Dec 15, 2019


Silent Night, Deadly Night is an unremarkable, yet fun and unapologetically gimmicky slasher movie whose late-1980s presence at theaters was very brief; lame parents with lame ideals protested the movie’s depiction of a killer Santa offing “naughty” people and had the movie successfully banned from all theaters. For a long time, Silent Night, Deadly Night was a mirage until it was released on VHS years later and became a cult favorite. The flick isn’t groundbreaking in any way, and compared to today’s standards, where we’re able to see testicles ripped off a man and fed to wild dogs in theatrical films preceded by commercials for Fanta, the idea of a man in a Santa costume offing people doesn’t just pale in comparison—it’s become its own punchline. During the time it was released, and for several years after, Silent Night, Deadly Night was more well known for the controversy it caused in featuring a killer Santa Claus than by its substance as a reasonably well made slasher movie. Over the years, it’s been whispered about in the same breath as other post-Halloween holiday-exploiting slashers like My Bloody Valentine and April Fools Day –– which are fun and well made in their own right — but it’s not really deserving of their company. For genre fans who aren’t necessarily slasher fans, I can picture them turning down their noses at such an odd declaration and shutting it down with “but all slashers are the same.”

Not remotely true.

To be fair, Silent Night, Deadly Night offers the viewer a fairly standard slasher experience, and on paper, it offers a typically hokey premise: a young boy named Billy witnesses the death of his parents at the hands of someone dressed like Santa Claus and he loses his mind, eventually donning the garb himself as an adult and wrecking the halls with an ax. But there’s an inherent sleaze in Silent Night, Deadly Night that threatens to diminish its overall fun tone (and it is fun, don’t get me wrong), which gives it kind of an icky feeling. John Carpenter once “sincerely apologized” for inadvertently creating the trope that sexual active teens in horror films are the first to go, and Silent Night, Deadly Night seems to be the most directly inspired by that concept. The Santa assault against Billy’s mother, which revealed her glory to his young eyes, remained ingrained in him just as much as the imagery of Santa itself. That he spies sexual trysts several times throughout Silent Night, Deadly Night and mutters “punish!” or “naughty!” to himself seems to be a direct response to that Carpenter trope.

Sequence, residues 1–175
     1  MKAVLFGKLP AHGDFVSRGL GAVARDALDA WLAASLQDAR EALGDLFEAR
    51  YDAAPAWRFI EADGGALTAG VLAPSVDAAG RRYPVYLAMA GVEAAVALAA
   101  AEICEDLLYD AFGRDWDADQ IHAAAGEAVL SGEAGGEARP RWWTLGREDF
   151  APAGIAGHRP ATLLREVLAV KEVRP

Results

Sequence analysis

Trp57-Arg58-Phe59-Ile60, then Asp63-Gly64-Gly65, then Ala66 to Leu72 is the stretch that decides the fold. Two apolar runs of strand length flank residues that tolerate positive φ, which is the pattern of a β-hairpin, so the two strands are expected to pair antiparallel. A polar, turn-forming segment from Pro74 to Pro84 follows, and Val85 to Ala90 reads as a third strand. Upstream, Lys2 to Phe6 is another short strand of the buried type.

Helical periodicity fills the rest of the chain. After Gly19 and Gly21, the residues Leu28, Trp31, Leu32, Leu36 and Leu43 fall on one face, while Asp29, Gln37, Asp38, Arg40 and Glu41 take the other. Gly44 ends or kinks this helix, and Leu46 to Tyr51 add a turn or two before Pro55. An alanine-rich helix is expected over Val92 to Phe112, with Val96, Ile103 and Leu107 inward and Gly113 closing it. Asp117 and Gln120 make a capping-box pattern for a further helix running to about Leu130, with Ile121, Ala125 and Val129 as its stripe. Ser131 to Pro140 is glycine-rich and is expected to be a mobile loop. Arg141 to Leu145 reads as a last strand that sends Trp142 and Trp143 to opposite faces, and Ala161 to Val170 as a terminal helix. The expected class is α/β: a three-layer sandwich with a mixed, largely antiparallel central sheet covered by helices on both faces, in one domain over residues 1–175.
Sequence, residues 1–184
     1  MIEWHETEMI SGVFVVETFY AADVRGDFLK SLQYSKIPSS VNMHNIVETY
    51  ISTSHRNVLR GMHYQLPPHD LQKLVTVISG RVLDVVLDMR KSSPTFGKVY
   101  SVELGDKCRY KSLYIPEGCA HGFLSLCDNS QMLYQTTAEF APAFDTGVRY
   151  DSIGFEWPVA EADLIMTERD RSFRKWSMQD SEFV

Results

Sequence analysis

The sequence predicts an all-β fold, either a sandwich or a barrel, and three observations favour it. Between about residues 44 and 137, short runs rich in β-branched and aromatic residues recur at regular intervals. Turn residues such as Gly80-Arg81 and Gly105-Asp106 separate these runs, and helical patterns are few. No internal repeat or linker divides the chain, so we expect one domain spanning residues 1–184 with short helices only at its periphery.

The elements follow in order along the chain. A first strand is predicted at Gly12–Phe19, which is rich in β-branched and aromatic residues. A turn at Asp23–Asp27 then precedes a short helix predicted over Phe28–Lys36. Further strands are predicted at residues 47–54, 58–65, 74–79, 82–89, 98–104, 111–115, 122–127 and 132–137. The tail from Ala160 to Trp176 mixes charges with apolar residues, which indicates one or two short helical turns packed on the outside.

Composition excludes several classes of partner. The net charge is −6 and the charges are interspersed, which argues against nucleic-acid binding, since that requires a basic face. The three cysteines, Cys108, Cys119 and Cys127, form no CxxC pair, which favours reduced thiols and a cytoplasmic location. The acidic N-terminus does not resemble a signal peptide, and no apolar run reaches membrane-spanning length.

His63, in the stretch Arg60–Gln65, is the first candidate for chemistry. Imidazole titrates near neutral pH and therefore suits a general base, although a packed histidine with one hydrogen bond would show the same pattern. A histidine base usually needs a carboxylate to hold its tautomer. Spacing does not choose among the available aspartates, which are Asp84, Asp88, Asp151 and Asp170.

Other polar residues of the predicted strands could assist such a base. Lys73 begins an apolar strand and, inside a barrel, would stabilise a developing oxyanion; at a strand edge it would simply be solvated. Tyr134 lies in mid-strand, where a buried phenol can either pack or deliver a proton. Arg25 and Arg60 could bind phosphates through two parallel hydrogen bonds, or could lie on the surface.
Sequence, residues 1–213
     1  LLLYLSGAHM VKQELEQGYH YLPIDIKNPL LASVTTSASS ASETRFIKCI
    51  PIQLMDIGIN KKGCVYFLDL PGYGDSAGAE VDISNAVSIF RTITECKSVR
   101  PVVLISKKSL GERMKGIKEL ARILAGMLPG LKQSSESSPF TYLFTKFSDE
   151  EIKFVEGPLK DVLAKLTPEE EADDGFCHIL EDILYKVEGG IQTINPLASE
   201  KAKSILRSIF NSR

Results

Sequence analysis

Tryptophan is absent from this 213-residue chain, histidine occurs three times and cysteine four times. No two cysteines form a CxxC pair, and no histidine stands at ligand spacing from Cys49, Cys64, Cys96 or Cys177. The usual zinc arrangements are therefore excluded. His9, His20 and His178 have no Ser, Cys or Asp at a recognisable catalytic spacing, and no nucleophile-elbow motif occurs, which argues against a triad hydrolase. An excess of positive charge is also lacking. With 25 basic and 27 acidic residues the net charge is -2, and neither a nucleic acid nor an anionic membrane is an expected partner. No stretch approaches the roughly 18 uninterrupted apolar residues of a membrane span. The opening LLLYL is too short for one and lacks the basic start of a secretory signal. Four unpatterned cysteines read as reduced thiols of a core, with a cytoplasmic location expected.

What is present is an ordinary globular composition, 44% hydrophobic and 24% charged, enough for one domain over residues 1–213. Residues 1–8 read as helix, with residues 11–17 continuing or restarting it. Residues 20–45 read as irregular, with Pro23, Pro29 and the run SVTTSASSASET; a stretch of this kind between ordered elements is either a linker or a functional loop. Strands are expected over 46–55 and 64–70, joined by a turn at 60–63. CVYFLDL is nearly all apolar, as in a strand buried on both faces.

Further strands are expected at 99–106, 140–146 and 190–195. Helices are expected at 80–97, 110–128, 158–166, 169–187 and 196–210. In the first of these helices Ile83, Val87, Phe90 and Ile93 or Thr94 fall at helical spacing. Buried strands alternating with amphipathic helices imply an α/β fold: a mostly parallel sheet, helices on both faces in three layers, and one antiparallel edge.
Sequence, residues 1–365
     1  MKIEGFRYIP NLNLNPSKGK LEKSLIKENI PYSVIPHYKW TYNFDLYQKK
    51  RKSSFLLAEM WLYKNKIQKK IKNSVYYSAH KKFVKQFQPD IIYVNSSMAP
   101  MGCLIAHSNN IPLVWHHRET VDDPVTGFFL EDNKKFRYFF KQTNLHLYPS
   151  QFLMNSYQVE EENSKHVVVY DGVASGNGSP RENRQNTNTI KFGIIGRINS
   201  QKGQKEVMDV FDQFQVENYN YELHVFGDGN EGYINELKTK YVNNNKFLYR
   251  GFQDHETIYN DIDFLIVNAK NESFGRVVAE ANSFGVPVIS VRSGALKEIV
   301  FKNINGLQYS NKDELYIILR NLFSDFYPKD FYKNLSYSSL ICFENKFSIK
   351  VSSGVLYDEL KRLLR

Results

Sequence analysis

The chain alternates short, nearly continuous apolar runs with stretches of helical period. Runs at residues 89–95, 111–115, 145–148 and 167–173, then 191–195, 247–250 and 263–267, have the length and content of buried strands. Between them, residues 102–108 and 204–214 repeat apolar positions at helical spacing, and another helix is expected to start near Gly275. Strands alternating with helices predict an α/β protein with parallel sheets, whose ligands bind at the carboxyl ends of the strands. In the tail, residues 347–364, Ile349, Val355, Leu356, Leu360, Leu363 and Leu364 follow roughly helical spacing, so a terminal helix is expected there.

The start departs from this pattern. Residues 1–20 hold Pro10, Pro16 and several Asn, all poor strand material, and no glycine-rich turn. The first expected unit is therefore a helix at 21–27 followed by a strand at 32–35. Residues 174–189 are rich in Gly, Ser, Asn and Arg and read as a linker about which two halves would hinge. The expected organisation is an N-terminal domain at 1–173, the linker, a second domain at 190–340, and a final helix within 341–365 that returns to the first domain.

But hey, this is Silent Night, Deadly Night — we’re only here for effective murder scenes and a reasonably engaging plot, and we definitely get both. There are additional and unexpected touches that also offer something a bit out of the norm in this subgenre — consider the pre-Santa massacre opening scene where the family visits Billy’s deranged grandfather in a convalescent home where he somehow has the foresight to warn young Billy that Santa Claus is evil and Christmas Eve is the “scariest damned night of the year.” This makes absolutely no sense and is way too convenient; it only exists to arbitrarily manufacture foreshadowing, but something about it still manages to establish a bit of an edge.